This article originally appeared on VICE US.
Being Tony Soprano would, for the most part, totally suck. You’d live in constant fear of getting arrested; nearly every time you spoke, you’d be SCREAMING YOUR FUCKING HEAD OFF; your best friends could betray you to the FBI at any time, and if they did, you’d have to murder them; worst of all, you’d be related to Janice. Not fun! I wouldn’t want to spend a single day in his shoes—metaphorically speaking, at least. What I do want, however, are his shoes themselves—and his pants, and his belts, and his shirts, and his suit jackets, and his extremely comfortable-looking robe. I want every single article of clothing Tony Soprano has ever worn, and I want them desperately, desperately bad.
As an untold number of us have over the past, oh, I don’t know, 10,000 weeks, I’ve spent quarantine binge-watching The Sopranos. I’ve developed an insatiable craving for Tony’s wardrobe—and, simultaneously, a mental catalog of all his clothes, accompanied by what is probably an unhealthy number of thoughts on what, exactly, makes them so good.
Let’s start with the most striking, obvious aspect of his look: The Good Shirt.
They’re just short-sleeve button-downs, you may be thinking. What’s the big deal? The big deal, my friends, is that these shirts entirely transcend the average short-sleeve button-down. They are subtle, elegant, seemingly made of some kind of fine material like silk or Georgette—shirts that look great at first glance, and reveal themselves to be even more enticing upon closer inspection. At, say, a bar in Bushwick, you’ll find countless Bad short-sleeve button-downs, shirts that look like this:
Now compare that abhorrent rag to this:
Tony’s button-downs are not excessively patterned; they’re not splashy; they are minimalistic, refined, tasteful. They are perfect, and I want them all.
The same goes for his collared shirts—instead of a boring old plain Polo or some chaotic, over-the-top patterned number, when Tony opts for what could generally be referred to as a Golf Shirt, he chooses one that sits somewhere in the middle. There’s always something going on with it, but never too much.
The golf shirts are strong enough to stand on their own—but what makes them really shine is that, almost without fail, they’re tucked into a pair of pleated dress pants.
“Nice” but not formal, “casual” but not pedestrian, the combination of a solid golf shirt and pleated slacks is, in a word, unimpeachable. Here, tailoring is of paramount importance—these slacks are slightly tapered, narrowing in around the calf and falling just above the ankle. Fuck jeans, and definitely fuck shorts. These are where it’s at.
You could wear them, along with either a Golf Shirt or a Very Good Short-Sleeve Button-Down, to almost any occasion—but sometimes, you need to class things up a bit. That’s where the suit jacket comes in.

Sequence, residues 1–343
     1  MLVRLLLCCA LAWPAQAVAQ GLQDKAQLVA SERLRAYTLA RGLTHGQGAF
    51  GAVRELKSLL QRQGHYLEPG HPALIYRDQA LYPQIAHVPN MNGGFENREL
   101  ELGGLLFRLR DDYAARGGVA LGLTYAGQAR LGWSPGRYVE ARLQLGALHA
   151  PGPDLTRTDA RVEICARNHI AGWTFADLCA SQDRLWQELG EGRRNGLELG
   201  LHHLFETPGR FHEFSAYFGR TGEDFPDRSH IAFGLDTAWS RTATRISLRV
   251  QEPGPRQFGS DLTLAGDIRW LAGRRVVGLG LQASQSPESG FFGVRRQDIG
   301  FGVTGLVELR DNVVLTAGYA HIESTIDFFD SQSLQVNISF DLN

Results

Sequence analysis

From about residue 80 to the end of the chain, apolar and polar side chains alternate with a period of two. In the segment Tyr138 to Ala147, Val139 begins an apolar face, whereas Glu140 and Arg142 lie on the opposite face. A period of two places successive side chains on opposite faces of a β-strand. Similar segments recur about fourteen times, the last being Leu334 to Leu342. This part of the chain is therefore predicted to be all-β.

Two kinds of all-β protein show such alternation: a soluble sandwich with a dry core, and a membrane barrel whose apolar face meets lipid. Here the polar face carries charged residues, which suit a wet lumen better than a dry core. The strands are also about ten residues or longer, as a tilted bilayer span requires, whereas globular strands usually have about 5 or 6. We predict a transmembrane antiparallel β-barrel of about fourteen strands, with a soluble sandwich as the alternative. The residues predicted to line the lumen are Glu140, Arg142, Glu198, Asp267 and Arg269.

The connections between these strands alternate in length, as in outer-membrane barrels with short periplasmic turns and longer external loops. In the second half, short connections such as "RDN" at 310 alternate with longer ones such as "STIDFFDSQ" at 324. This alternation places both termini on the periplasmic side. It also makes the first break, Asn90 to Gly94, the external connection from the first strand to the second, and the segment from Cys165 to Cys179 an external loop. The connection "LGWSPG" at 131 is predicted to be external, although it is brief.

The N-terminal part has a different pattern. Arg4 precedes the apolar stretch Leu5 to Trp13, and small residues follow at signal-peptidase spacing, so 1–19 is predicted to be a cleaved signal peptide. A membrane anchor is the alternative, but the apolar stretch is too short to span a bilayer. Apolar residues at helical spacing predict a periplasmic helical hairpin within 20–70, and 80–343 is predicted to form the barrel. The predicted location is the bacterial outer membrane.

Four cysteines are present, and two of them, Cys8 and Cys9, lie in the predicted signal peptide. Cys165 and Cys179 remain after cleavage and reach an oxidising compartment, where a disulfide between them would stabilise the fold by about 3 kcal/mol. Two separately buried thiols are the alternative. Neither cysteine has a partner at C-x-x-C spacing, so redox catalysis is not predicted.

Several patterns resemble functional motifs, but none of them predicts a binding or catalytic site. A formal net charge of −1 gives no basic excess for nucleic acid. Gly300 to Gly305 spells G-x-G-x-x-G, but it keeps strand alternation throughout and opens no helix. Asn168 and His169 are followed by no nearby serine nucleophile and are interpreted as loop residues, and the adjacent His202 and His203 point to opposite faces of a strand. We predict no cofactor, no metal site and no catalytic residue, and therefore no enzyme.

It’s important to note how infrequently Tony wears a whole-ass suit—unless he’s going to a funeral or some high-level meeting with the New York dons, he’ll instead opt to just toss on a jacket. It works with the aforementioned shirts; it’s particularly effective with a simple sweater, and exceptional with a black mock neck. (A full-on turtleneck would be far too much; keep this lesson with you always.)
I won’t even attempt to unpack what makes his actual suits so good. I know virtually nothing about suits—but the answer, I suspect, is that he’s fitted for them by a mob-adjacent tailor, and those dudes are just absurdly talented. Sadly, most of us will never have the good fortune to encounter one. All we can do is admire from afar.
On the complete opposite side of the formality spectrum, you have what is perhaps Tony Soprano’s most iconic garment: The Robe. It is heavy; it is thick; it is white; it is worn open, with nothing but a loose-fitting tank top and a pair of boxers.
Fortunately for us, this look, more than any other element of Tony’s wardrobe, is extremely accessible. Unfortunately for us, on him it’s somehow badass; on almost anyone else, it just kind of makes you look like you're dressed up as The Dude for Halloween.
If, like me, you find yourself possessed by the desire to own everything Tony Soprano has ever worn, check out @TonySopranoStyle on Instagram. The saint who runs that account managed to find out who made his clothes, and can point you towards actually buying them. Some of these gems are surprisingly cheap. Case in point: the Meat Necklace.
Follow Drew Schwartz on Twitter.